A nurse is usually the first contact a patient has when visiting a doctor’s office, clinic or hospital, and area health officials are honoring their service this week.
National Nurses Week, May 6-12, focuses attention on the diverse ways America’s 3.1 million registered nurses work to save lives and to improve the health of millions of individuals.
According to the Cherokee County Health Department, there are approximately 30,000 registered nurses and 12,000 licensed practical nurses working in Oklahoma.
“Public health nurses help ‘Shape Our Future’ by providing health department services such as child and adult immunizations, preventive health screenings, nutrition education, child guidance services, disease and injury prevention, services to mothers and babies, emergaency preparedness and school health education,” said CCHD Administrative Director Maria Alexander.
Annually, National Nurses Week begins May 6, marked as Registered Nurses Recognition Day, and ends May 12, the birthday of Florence Nightingale, found of nursing as a modern profession.
The Cherokee County Health Department encourages employers in the area to also use this week as an opportunity to recognize nurse employees through programs and events.
“We would like the public to join s as we pay tribute to our nurses for a job well done,” said Alexander.
Public health nurses employed at CCHD include Sheree Caldwell, advance practice registered nurse and certified nurse practitioner; Jill Crawford, R.N.; Tamarkia Fisher, R.N.; Keri Ratliff, R.N. coordinating nurse; Donna Jones, R.N.; and Kelly Parker, R.N.
Dr. James Madison, chief of staff at Tahlequah City Hospital, said he relies on the hospital’s nursing staff to provide dedicated care to patients.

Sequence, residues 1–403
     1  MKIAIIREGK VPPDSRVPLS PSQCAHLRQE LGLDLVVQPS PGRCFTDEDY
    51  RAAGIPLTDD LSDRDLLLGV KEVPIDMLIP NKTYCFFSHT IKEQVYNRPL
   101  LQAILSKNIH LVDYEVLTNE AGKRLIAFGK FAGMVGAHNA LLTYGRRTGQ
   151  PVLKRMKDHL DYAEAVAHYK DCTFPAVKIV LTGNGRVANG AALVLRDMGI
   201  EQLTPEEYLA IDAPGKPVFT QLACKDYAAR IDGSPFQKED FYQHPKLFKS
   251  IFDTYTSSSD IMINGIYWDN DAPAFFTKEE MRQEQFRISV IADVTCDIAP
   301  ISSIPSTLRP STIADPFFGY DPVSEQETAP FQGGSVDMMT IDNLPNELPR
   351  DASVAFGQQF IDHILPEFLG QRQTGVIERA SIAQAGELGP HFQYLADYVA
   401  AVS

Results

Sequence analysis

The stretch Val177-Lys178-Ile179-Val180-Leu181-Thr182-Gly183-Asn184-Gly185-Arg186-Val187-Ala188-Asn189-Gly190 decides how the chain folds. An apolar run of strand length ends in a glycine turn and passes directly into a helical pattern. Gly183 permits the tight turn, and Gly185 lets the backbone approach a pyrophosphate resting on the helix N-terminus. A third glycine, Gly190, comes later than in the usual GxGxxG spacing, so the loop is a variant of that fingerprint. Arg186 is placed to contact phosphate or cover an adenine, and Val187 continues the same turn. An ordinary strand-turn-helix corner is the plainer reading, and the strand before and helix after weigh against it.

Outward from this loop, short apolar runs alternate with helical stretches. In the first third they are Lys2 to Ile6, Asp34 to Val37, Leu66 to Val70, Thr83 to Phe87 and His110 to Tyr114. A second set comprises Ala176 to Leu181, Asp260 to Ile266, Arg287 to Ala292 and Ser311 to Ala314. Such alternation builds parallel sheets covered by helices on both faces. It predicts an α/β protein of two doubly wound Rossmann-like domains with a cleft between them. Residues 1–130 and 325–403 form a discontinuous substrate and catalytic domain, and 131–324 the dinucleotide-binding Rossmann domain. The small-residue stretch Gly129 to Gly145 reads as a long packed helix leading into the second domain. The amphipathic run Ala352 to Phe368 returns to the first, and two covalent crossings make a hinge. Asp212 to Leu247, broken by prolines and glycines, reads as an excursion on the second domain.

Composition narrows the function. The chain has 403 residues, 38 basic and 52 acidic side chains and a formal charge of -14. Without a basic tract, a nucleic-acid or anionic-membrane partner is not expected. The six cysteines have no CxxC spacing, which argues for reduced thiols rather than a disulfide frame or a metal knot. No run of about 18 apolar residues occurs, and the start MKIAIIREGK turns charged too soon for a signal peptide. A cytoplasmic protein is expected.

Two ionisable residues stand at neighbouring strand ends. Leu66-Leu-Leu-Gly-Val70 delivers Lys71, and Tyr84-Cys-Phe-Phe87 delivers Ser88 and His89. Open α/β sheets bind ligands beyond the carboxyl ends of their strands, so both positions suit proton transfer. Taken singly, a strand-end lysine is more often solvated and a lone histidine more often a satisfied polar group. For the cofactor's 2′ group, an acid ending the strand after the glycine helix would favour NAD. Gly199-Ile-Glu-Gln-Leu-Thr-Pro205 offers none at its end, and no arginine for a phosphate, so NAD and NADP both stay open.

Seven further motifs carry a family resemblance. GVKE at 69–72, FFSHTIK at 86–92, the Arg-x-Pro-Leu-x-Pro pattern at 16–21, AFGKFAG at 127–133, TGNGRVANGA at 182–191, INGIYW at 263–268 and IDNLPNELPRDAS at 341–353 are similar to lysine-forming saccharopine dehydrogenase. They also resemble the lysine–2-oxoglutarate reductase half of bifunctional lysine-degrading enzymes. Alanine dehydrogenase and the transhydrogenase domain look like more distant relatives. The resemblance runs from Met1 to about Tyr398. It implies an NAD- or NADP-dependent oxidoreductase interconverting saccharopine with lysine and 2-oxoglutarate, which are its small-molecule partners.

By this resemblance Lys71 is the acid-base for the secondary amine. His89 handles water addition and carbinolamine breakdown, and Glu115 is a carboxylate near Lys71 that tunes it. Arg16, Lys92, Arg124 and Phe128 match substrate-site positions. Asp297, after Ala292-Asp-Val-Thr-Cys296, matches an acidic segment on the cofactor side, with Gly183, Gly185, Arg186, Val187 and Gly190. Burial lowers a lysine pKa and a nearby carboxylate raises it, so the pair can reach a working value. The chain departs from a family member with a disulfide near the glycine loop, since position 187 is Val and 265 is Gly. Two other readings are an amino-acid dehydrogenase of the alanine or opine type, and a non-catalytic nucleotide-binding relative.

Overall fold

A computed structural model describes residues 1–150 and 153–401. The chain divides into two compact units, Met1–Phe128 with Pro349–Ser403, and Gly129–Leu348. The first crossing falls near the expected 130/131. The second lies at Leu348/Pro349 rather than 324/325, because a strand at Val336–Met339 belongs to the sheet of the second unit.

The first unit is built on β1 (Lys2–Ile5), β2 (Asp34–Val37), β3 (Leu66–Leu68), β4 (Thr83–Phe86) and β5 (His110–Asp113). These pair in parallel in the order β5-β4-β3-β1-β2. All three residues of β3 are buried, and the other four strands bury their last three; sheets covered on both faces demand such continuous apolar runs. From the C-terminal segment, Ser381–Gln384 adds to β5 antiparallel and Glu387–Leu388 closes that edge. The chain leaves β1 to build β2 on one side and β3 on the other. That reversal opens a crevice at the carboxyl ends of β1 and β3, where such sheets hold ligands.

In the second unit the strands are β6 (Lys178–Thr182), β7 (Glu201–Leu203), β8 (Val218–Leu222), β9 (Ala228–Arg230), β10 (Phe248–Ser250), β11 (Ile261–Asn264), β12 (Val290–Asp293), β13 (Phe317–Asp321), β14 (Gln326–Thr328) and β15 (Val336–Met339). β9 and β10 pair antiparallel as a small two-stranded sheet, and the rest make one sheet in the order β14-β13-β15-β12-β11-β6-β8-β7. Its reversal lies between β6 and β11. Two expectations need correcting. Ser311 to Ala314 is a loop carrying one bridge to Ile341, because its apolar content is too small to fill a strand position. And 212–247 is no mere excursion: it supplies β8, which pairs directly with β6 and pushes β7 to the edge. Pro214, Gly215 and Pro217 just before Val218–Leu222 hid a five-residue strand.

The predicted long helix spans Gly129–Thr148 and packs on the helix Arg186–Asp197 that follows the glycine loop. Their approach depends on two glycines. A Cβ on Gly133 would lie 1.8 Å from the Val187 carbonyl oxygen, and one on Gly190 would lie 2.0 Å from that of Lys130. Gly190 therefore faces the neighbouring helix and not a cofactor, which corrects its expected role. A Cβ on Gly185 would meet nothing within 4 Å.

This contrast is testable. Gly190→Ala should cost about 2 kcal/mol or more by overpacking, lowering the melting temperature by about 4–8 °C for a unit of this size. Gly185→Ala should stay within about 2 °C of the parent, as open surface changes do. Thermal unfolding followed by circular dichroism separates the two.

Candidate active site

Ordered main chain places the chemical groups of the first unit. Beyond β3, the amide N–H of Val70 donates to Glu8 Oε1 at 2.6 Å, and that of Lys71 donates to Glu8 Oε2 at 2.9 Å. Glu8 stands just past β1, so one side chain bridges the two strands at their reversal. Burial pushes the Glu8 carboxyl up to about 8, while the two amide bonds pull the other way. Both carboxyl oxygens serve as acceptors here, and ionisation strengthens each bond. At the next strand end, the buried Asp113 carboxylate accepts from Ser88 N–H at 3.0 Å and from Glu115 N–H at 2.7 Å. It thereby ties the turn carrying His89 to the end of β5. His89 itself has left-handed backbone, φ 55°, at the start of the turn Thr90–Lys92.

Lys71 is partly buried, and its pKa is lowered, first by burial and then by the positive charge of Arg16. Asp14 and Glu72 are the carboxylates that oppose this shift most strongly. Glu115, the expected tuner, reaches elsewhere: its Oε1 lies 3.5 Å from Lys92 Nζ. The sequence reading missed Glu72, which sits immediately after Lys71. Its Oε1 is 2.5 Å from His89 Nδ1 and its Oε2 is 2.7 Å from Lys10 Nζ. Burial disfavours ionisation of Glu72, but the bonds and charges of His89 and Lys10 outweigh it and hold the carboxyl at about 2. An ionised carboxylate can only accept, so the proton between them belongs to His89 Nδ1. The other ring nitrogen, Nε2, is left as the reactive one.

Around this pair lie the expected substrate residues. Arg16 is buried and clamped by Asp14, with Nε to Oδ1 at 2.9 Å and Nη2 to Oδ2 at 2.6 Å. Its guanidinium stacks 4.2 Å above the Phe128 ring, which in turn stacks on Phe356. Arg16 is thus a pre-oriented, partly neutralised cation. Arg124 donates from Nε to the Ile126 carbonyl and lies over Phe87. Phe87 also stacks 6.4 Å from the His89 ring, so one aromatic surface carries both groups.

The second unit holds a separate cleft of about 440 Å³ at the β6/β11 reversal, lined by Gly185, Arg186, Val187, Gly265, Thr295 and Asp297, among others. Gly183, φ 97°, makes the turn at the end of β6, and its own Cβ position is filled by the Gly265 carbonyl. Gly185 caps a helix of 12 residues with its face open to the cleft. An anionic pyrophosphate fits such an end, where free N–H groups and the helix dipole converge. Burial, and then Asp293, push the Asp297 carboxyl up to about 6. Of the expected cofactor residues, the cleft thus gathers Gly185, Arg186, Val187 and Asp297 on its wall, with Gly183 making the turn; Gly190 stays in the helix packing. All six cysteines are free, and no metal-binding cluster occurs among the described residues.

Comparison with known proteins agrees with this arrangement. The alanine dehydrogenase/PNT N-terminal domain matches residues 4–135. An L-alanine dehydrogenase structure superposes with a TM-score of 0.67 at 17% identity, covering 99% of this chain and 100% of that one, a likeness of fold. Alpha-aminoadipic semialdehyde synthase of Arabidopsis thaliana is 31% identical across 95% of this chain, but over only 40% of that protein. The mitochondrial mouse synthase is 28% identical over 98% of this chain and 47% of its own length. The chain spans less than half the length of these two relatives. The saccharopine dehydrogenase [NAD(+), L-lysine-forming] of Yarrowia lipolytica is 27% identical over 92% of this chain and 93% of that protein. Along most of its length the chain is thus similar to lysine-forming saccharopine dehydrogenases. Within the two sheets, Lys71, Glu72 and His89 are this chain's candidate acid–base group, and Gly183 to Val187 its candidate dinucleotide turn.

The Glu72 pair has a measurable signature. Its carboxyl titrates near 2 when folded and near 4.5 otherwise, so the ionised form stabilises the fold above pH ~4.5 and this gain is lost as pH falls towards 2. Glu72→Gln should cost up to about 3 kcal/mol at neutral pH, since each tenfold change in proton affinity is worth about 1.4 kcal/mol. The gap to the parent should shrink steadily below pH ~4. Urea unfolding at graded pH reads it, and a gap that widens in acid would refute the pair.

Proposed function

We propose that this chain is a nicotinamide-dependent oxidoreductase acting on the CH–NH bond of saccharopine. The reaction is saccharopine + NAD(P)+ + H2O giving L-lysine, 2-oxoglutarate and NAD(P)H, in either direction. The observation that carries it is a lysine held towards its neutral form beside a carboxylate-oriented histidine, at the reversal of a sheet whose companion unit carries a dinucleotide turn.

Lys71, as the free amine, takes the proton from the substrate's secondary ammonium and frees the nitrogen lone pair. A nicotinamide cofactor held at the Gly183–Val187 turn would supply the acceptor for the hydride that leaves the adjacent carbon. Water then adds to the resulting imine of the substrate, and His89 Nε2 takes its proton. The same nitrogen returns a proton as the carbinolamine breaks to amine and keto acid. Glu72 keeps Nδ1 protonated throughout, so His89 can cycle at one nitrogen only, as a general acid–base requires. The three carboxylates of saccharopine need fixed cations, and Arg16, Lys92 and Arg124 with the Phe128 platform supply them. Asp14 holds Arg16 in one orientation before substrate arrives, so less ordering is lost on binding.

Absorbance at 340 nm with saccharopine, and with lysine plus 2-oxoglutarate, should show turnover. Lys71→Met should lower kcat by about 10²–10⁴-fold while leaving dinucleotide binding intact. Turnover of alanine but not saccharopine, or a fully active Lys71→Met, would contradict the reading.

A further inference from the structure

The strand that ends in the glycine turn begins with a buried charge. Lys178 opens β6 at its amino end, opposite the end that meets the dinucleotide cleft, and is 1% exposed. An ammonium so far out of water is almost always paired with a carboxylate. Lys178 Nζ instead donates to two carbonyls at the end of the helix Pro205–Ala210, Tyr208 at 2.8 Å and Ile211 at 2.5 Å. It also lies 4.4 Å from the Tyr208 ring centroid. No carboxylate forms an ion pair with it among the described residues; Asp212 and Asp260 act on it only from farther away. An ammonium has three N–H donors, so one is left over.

“Nurses Week is an opportunity to honor the backbone of healthcare in America,” said Madison. “Nurses are compassionate, caring individuals who provide the professional support for people when they need it the most. Physicians will readily admit their reliance on nurses as professional partners in the care of their patients. I am very grateful for the opportunity to recognize these outstanding individuals. I personally want to acknowledge and thank the nurses I rely on every day for their dedication and care of our patients.”
TCH Vice President of Patient Care Donna Dallis, who is also a registered nurse, said people who work in her profession honestly care about people.
“TCH is privileged to have some of the finest nurses caring for the patients in Green Country,” said Dallis. “Because Tahlequah is a close-knit community, we know we are caring for our family and friends. At TCH, you aren’t treated as a stranger; you’re treated as a friend. We truly care about the health of you and your family. Each nurse is invested in the healthcare of their patients.
TCH board member Carol Choate believes providing quality care to residents is of paramount importance.
“Each nurse is the vessel in which this idea is put into action,” said Choate. “TCH offers a variety of services with excellence so patients can receive their care close to home.”
This year, the American Nurses Association has selected “Nurses: Advocating, Leading, Caring” as the theme for the 2012 recognition celebration.
As part of this year’s observance, Oklahoma’s Secretary of Health and Human Services Dr. Terry Cline and OSDH Chief of Nursing Diana Schaeffer recognize Oklahoma’s nurses for their role in the health delivery system in Oklahoma.
“Regardless of the nursing specialty they chose, we want to thank all nurses for their contributions to the health care system,” said Schaeffer. “We encourage others to consider the nursing profession as a career choice. Nursing is consistently rated the most trusted profession.”
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